Guest Author - Tammy Elizabeth Southin
For some women, menopause brings an end to the worries of becoming pregnant. But unless menopause has been brought on by a hysterectomy, pregnancy is still a very real possibility during the menopausal phase. Thinking that natural menopause means no more risk of pregnancy is a common myth.
Why menopause and birth control myths persist.
Myths surrounding menopause continue to exist because not everyone feels comfortable discussing ‘the change’ with their doctor. Depending on a woman’s particular feelings, menopause may bring on a sense of loss or relief; some women are distressed as their reproductive years come to an end while others are happy to no longer have to rely on birth control.
Myth: I cannot get pregnant during menopause
A woman’s ability to conceive does diminish with age. Women in their forties find their chances of becoming pregnant can decline as much as up to 50%. But pregnancies do occur as the following statistics show:
*More than 50% of women between the ages of 45-49 do not use any form of contraception, believing that they cannot get pregnant
*About 10% of women between the ages of 45-49 rely on ‘natural’ forms of birth control including rhythm and withdraw.
*Over 60% of pregnancies for women over age 40, many of them unintended, result in abortions – this point is not to judge any woman’s situation but has been included to show that the risks of pregnancy still affect menopausal women.
Myth: My periods are very irregular so I cannot get pregnant
The only time a woman is truly unable to have children is once the menopause phase has completed and a full twelve months have passed without a period. Until that time, even if periods only happen a couple of times a year, every period means that there is ovulation and maybe a pregnancy.
Myth: If I do get pregnant it will be easy – just look at all those celebrities!
The later a woman does become pregnant, the greater the chances for an underweight baby. Or a baby could develop many other health problems because of the additional strain on a woman’s body during a later pregnancy. For all the glowing birth stories in celebs over 40, the real stories of frustration, disappointment, miscarriages, and numerous attempts are usually not well publicized. At the same time, celebs have the very best of medical care, not to mention a ton of styling experts, to help these women look healthy during what are usually very difficult pregnancies.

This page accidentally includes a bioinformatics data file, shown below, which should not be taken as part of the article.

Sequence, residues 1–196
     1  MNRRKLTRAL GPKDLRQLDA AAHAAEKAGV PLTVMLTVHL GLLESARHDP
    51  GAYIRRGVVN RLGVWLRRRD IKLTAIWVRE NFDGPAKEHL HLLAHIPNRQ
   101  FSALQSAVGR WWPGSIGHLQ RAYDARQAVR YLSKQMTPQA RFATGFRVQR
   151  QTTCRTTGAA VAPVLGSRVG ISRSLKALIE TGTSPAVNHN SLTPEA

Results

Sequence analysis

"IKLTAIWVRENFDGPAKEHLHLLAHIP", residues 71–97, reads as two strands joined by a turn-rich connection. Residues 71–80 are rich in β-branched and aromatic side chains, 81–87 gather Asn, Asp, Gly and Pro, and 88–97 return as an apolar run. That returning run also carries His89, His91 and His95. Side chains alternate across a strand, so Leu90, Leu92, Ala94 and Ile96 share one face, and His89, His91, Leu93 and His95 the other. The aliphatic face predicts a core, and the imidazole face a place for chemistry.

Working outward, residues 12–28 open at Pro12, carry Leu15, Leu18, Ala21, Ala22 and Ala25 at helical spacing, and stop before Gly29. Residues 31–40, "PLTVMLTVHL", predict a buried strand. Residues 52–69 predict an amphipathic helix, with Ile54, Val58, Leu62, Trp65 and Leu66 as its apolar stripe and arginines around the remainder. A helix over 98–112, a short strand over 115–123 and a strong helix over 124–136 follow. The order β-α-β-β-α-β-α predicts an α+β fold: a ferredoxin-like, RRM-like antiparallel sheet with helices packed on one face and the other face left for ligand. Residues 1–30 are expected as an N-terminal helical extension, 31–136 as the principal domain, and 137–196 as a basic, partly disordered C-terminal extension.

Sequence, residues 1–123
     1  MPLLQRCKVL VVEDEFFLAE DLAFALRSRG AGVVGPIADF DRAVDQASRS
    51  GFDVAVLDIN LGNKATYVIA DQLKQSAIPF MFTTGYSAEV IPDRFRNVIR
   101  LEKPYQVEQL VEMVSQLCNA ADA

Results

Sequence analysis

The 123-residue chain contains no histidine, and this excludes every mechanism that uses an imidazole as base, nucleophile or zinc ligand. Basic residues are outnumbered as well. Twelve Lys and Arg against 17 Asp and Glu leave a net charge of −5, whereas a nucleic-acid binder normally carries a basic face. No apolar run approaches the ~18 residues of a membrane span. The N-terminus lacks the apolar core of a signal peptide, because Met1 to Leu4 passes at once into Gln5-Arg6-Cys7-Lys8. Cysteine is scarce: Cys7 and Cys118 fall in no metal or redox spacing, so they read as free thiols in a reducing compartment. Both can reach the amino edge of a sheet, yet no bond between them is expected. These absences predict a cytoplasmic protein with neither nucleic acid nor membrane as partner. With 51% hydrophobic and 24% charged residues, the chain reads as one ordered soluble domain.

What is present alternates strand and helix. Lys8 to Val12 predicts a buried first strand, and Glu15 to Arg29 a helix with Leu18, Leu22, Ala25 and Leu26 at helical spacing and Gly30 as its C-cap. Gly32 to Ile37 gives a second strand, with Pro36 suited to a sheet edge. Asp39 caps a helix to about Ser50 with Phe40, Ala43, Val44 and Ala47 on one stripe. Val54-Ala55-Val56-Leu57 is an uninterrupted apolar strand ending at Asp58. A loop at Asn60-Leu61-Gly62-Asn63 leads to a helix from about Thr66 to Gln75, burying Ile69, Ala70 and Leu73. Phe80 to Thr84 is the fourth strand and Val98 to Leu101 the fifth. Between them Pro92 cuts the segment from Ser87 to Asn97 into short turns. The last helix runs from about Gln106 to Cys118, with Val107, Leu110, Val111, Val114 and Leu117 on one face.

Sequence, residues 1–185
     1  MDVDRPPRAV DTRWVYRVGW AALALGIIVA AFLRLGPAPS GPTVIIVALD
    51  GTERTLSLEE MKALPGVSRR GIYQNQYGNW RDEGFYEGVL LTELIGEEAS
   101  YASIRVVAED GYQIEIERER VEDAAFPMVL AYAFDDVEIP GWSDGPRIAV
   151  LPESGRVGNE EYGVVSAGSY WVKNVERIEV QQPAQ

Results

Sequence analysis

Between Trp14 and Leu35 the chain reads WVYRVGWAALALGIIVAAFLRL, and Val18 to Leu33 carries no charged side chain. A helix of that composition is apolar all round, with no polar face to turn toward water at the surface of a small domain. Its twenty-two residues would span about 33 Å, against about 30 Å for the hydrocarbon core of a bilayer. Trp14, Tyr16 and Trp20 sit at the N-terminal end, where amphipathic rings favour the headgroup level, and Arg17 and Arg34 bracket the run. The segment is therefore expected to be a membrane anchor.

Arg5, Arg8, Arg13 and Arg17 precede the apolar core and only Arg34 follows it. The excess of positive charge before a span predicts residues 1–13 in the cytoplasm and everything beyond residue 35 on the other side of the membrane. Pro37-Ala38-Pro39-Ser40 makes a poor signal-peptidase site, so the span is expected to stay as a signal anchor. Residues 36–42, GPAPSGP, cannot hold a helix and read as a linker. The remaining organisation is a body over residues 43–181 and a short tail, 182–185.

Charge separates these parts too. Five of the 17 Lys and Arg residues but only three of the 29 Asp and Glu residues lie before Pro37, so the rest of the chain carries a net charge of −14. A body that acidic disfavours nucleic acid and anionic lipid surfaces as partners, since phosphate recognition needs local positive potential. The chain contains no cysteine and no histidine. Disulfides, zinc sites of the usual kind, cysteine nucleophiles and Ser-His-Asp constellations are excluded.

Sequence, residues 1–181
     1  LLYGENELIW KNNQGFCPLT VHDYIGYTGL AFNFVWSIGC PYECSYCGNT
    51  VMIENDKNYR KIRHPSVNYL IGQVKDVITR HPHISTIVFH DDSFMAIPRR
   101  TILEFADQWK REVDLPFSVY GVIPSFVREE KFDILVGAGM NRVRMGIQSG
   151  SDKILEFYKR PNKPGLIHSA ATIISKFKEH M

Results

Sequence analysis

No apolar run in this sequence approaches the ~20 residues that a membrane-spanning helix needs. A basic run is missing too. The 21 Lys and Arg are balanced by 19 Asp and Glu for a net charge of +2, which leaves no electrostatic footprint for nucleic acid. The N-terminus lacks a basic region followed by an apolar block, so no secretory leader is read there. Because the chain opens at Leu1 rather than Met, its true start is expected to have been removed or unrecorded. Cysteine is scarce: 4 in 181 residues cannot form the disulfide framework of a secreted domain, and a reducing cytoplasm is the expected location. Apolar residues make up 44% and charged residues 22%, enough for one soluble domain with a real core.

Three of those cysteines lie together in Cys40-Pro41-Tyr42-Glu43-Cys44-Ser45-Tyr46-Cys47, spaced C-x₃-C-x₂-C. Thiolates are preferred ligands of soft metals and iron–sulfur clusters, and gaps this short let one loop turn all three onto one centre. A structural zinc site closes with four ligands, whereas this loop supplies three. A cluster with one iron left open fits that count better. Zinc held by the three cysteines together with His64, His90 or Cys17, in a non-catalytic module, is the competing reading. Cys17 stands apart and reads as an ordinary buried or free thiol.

One other thing to keep in mind is dealing with the unexpected. Some women may want to have a last go at motherhood, but many women are not ready to raise more children after the others have grown up. Plus there is the impact an unexpected pregnancy can have on a relationship, especially if neither partner has the desire to extend parenthood.
Myth: I cannot take the Pill over 40
Women over 35 who do not smoke or have high blood pressure can talk to their doctors about using low dose birth control pills. These lower dose pills still provide protection against pregnancy and may help to alleviate menopausal symptoms such as hot flashes or irritability. Possible side effects can include higher risks of blood clots and some types of cancers. Generally, these increased risks take into account a woman’s overall physical health; the risks are not necessarily due to the Pill itself.
Myth: There is no intercourse after 40 so who needs birth control?
This myth still persists, leaving many women to ponder the end of their sensual lives. But whether in the same relationship or perhaps starting a new one, the possibilities for sensuality and intercourse are not completely over. Menopause is not a time when every woman feels sensual or physically attractive, but it does not have to mean that this part of life is over. Rather, many women may even look toward continuing or rekindling their sensual selves and it is always best to use a reliable form of birth control throughout menopause.
Myth: If I stop taking the Pill after using it for several years, I cannot become pregnant.
Women’s bodies can and often do ‘reset’ themselves to their natural rhythms that were present before taking the Pill, or rhythms that would have been present without the Pill. It may take a couple of months for some women’s biological clocks to return to ‘normal’ but many women are caught off guard after only a few weeks. There should always be a fall-back method used on a regular basis or at each intercourse act to protect against pregnancy.
Just like puberty, menopause is a time of great physical changes in women’s bodies. But unlike puberty, women are much more experienced in life matters and need to be made aware of the risks of pregnancy during this time. Women need to adjust to their bodies during this ‘advanced puberty’ and understand that menopause is not quite the end of reproduction. Knowing the facts from the myths and continuing to use birth control will help ensure that more of the pregnancies that occur are fully planned for.
Menopause, Your Doctor, and You